The mild nip in the night and early morning temperatures is a pleasant change in Mumbai’s sub-tropical climate. The slanting rays made magical by the calls of resident crow pheasants and migratory drongos, give a poetic start to my day. Even the Vilayti Badam’s reddening leaves, which float down gently and carpet my building’s premises seem like a festive rangoli that nature has strewn just for me to enjoy. But ironically, not everyone is as excited about changes in our natural surroundings and take them for granted, until they face health issues in their old age.
A pair of Bonnet Macaque
The tell-tale signs of the urban disconnect are unnatural fears of various creatures, including butterflies/moths, spiders, lizards, pets and an obvious level of discomfort in the outdoor environment. This urban disconnect is typically caused in individuals exposed to excess isolation, working long hours in boxed up, closed and artificially managed environments with unnatural lighting and air-conditioning, along with consumption of non-native foods and erratic travel or work hours. Unless such individuals make active attempts to reconnect with nature on a regular basis, they subconsciously revert to creating unnatural spaces around them, without potted plants or trees, with closed, grilled and non-ventilated households. And then, an innocuous visit by a squirrel, bat or a line of ants triggers panic attacks and is viewed as an invasion on their private space, an attack by the wild elements and at the worst, a matter to counter-attack these natural elements. I’m sure you must have met those overzealous housing colony secretaries or that uncle/aunty who heartlessly insists on hacking all trees to bare stumps, even when they know it contains a crow, egret or a kite’s nest.
This human-animal conflict and the related turf wars are increasing drastically with our first and second homes invading deeper into former natural landscapes such as hill tops, grasslands, wetlands, mangroves, coastlines and even forested regions bordering national parks and sanctuaries. On the face of it, everyone moves there to enjoy the scenery and freshness related with the green vistas. But nobody wants to acknowledge that when your house is built on a former lake, it may flood and fish and frogs may emerge. Or if your tower borders the Sanjay Gandhi National Park, then aggressive monkeys will come looking for bananas on your dining table. If you dump garbage outside your building and it attracts rats, dogs and crows, then kites, snakes, jackals or leopards are definitely going to follow.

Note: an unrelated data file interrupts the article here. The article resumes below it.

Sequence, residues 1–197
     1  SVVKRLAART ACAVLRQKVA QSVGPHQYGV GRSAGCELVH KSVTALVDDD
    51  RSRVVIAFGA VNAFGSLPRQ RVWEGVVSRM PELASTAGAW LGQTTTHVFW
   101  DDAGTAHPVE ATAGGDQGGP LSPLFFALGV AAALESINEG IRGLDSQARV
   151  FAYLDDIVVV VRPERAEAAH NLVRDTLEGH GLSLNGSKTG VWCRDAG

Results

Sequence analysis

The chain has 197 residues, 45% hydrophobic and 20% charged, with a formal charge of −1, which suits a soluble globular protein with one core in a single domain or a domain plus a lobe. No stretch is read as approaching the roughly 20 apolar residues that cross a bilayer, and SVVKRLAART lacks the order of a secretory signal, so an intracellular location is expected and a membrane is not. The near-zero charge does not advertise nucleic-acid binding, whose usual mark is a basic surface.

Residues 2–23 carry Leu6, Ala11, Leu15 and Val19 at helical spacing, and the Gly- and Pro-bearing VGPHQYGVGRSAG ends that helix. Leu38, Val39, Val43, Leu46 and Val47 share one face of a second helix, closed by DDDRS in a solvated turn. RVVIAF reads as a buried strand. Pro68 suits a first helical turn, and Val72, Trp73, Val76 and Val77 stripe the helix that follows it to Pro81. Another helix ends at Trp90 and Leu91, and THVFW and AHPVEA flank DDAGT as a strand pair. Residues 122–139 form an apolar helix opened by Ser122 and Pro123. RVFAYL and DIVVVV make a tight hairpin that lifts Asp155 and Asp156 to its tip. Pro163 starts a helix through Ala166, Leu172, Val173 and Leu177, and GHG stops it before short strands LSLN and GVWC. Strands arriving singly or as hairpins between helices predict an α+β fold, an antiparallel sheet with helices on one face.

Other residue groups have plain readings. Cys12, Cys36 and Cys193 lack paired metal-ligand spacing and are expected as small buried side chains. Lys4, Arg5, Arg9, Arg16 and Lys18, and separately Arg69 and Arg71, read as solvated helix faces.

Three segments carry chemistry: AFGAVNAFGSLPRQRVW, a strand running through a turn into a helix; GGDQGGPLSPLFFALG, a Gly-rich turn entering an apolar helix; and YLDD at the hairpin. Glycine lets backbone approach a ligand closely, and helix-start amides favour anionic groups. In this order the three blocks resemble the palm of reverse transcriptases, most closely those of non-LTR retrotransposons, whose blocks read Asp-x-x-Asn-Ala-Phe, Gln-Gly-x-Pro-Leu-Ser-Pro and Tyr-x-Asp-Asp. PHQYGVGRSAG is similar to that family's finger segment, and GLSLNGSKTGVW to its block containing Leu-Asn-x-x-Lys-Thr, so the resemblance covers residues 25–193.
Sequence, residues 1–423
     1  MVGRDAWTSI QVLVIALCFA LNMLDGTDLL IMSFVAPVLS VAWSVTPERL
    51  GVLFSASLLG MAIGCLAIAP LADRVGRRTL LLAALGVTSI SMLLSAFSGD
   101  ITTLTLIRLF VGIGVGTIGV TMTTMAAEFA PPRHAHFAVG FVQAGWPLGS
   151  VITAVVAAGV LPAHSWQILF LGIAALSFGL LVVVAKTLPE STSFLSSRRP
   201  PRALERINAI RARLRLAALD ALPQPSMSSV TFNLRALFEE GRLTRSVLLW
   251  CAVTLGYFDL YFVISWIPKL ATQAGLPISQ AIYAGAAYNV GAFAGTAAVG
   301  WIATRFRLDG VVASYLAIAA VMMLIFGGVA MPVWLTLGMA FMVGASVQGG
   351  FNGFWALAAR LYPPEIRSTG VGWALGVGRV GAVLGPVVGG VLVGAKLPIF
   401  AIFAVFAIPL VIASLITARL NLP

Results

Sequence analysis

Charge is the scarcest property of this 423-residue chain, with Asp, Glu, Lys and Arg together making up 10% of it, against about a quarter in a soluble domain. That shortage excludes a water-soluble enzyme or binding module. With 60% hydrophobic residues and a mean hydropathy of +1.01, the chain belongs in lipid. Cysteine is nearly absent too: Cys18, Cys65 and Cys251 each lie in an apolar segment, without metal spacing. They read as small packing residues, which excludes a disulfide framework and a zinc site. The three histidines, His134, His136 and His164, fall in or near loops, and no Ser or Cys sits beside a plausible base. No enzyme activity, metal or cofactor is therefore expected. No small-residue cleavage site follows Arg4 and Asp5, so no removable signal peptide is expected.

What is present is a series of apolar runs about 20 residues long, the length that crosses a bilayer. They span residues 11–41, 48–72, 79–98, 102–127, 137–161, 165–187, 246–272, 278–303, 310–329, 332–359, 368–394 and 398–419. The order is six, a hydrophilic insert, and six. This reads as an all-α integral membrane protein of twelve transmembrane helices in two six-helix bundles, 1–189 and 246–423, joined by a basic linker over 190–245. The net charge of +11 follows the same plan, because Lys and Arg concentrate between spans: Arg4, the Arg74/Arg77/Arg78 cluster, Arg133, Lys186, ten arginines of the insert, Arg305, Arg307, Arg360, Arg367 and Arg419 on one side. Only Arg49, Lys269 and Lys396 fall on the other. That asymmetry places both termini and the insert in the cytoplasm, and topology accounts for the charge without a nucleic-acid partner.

Your Lakshman-Rekhas, Hits, Goodknights, Baygon Sprays, Odomos and other insect repellents will have efficacy on a very limited variety of creatures. The thousands of moths that breed in the mangroves spreading eggs and itchy caterpillars on the vegetation are an expected outcome, but this time on your furniture, cars, sliding windows and even potted plants. When you destroy natural streams and pools and create artificial swimming pools, then the swallows, bats and other forest creatures that eat a high protein diet will reclaim their stake or ownership over your swimming pool. The dengue mosquitoes will move closer home and breed right at your door step.
There are some pluses to this too, which a few ecologically connected souls will appreciate. Behind the prey come their predators too, such as thousands of dragonflies that you must be seeing off late or the barn owls in your towers as well as the occasional python that may slither into your manicured lawns. It is up to us to understand how to share these common lands with their original residents.
Thankfully, most people are not so far gone in their hatred for our wild neighbours. But not all are ignorant. A growing population takes care of stray cats and dogs, strives to free the roots of trees from concrete, and calls snake and animal rescue groups to capture even harmful Russell’s vipers or habituated bonnet monkeys, without actually engaging in unsavoury turf wars.
Write in to Anand Pendharkar at email@example.com